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Toronto Raptors President Masai Ujiri stands in the tunnel ahead of a game against the New Orleans Pelicans in Toronto on Oct. 22, 2019.

Chris Young/The Canadian Press

Masai Ujiri paused during his keynote speech in a posh Toronto hotel ballroom on Tuesday evening to ask all the female employees of the Toronto Raptors to stand.

From coaching to physiotherapy to marketing and media relations, the Raptors women – there are 14 – filled their own sizable section of the room. They drew a loud round of applause.

When Ujiri was hired by the Toronto Raptors in 2013, the team’s female staff stopped at one: Doreen Doyle, the former manager of team services.

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“We went from one to 14, and I’m damn proud of that,” the Raptors president said.

The 49-year-old has long championed women. He dreams of seeing a female head coach, a female general manager, and even a female player in the NBA one day.

Speaking at a sold-out event Tuesday to celebrate the anniversary of the Toronto chapter of WISE – Women in Sports and Events – Ujiri was joined onstage by Teresa Resch, the team’s VP of basketball operations, Shannon Hosford, team owner Maple Leaf Sports and Entertainment’s chief marketing officer, and Sarah Chan, manager of Africa scouting.

“These are leading decision-makers in our business,” said Ujiri, who’d just arrived home after attending long-time commissioner David Stern’s memorial in New York.

“There’s nothing like showing [success] right in front of you, and I think Teresa, Shannon and Sarah really proved that, the 14 women who work for the Raptors proved that. They were not hired because we wanted to hire women, they were hired because they’re the best at what they do.

“And by the way, if anyone wants to question it, we won a championship.”

Ujiri spoke about the women in his life. His mom Paula Grace, a Kenyan doctor, taught him “to be competitive, fierce, loving, giving.”

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He recounted a story about being 31 and telling his mom he wasn’t good enough to play basketball professionally. He needed to find another career. She went out the next day and bought him two business suits.

“She said ‘You are going out into the world now, go out and do your best, go out and conquer,“’ Ujiri said. “I believe in every woman because of that. She inspired me to challenge, to compete, and not to be afraid, and while you do this, always care for people.”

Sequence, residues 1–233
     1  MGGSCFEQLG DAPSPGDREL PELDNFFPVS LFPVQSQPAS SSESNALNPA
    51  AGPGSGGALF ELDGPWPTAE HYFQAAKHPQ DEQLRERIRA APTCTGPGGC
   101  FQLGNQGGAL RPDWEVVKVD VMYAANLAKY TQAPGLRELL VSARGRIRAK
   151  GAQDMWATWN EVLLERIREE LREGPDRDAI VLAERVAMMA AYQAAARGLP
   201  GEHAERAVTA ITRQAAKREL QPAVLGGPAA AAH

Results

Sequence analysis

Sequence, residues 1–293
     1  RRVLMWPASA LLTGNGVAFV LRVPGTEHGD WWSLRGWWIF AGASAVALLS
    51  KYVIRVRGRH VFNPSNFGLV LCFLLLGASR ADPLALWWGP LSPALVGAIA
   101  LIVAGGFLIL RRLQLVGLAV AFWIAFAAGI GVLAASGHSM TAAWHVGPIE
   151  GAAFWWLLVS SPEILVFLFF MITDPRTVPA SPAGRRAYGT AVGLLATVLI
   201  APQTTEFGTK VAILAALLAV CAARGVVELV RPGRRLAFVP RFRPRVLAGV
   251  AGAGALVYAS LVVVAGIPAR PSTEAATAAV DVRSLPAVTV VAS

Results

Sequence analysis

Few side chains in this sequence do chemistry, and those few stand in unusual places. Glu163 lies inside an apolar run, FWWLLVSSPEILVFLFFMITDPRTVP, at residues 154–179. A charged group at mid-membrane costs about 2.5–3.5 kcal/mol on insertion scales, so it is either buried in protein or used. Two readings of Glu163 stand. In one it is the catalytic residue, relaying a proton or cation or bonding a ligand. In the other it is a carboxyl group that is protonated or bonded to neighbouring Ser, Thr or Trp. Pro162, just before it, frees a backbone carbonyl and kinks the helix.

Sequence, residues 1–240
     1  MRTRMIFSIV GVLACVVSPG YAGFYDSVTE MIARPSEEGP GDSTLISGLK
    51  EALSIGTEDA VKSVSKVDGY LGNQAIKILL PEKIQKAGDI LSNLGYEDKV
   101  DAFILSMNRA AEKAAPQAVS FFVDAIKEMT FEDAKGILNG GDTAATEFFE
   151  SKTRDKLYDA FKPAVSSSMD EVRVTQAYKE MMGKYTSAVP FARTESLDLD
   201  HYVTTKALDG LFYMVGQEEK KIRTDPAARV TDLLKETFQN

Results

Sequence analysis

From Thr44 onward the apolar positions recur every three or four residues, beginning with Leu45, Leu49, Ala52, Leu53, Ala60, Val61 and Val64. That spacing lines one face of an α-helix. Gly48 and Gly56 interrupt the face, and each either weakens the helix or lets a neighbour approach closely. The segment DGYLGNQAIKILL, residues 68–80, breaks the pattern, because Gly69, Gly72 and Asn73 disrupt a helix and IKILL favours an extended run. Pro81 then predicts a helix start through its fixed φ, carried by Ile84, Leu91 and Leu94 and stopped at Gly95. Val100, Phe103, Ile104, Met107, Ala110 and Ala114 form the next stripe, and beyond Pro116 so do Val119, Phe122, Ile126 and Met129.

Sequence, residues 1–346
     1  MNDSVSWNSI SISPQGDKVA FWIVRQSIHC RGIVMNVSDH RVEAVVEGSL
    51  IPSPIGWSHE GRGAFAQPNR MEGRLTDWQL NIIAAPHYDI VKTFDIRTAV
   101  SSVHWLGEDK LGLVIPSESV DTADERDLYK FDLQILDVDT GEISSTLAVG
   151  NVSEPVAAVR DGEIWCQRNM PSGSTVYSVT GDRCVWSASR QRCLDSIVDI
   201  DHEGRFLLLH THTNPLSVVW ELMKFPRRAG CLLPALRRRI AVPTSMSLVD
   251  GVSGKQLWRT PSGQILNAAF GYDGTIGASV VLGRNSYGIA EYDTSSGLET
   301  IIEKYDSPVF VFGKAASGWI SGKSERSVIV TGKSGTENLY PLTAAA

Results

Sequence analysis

He talked about his wife, Ramatu, who persuaded him to interview for the Denver Nuggets’ GM job, when the job, he said, already had someone else’s name on it. The Nuggets were simply going through the motions. Ujiri, of course, got the job and went on to win executive of the year with Denver in 2013.

“That’s how I got my big break in life, it came from her, it came from that spirit of a woman thinking, thinking ahead,” he said.

He spoke about Resch, who was a volleyball player in college – she led Augustana a berth in the NCAA tournament – before working in the NBA head office, focusing on the league’s Basketball Without Borders program.

Resch is the one colleague Ujiri said he hired both for her smarts and gender.

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“I knew she was talented, [but] I needed a woman in the front office because I was tired, tired of being in front offices where it was just men, we’ve got egos, we’ve got pride, we’ve got all kinds of stuff, and sometimes we just go without thinking,” he said. “I needed somebody to come and help me think, and think well, and think about diversity, and bringing people along.”

Ujiri made Chan the first African woman to be an NBA lead scout when he hired her this season. Ujiri recounted how it was Chan who convinced him to take his Giants of Africa youth camps last summer to South Sudan and Somalia, two countries still staggering under the impact of brutal civil wars.

If Ujiri was worried about his staff’s safety, Chan told him: “The effect on these girls will live forever.”

The six-foot Chan, once South Sudan’s best female player and women’s rights activist, also works tirelessly to rescue young Sudanese girls from childhood marriage, using sports as a tool.

Chan heard about a South Sudanese girl who was 15 and about to be married, and flew to Juba to convince the girl’s parents to let her play basketball instead. A few days later, the girl was in a Giants of Africa camp in Senegal.

“I want them to see the other side of what sports can do for you, not just from an athlete standpoint, but to educate them and let them know . . . until they’re able to stand on their feet, marriage is not for you,” Chan said.

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The NBA has set the standard for gender equity among North America’s four major sports leagues, although progression is moving slowly. True success will be when a women’s hiring isn’t “front-page news,” Resch said.

“It’s tricky to find the balance between celebrating progress and finding a way where it becomes part of who we are as an organization, and nothing special that we have to celebrate or write a front-page story about,” she said.

Ujiri agreed: “At some point, I’m telling you it’s going to become normal. We’re going to stop all these stories and stop making a fuss or big deal about any woman being hired. It will be completely normal that they’re everywhere.”

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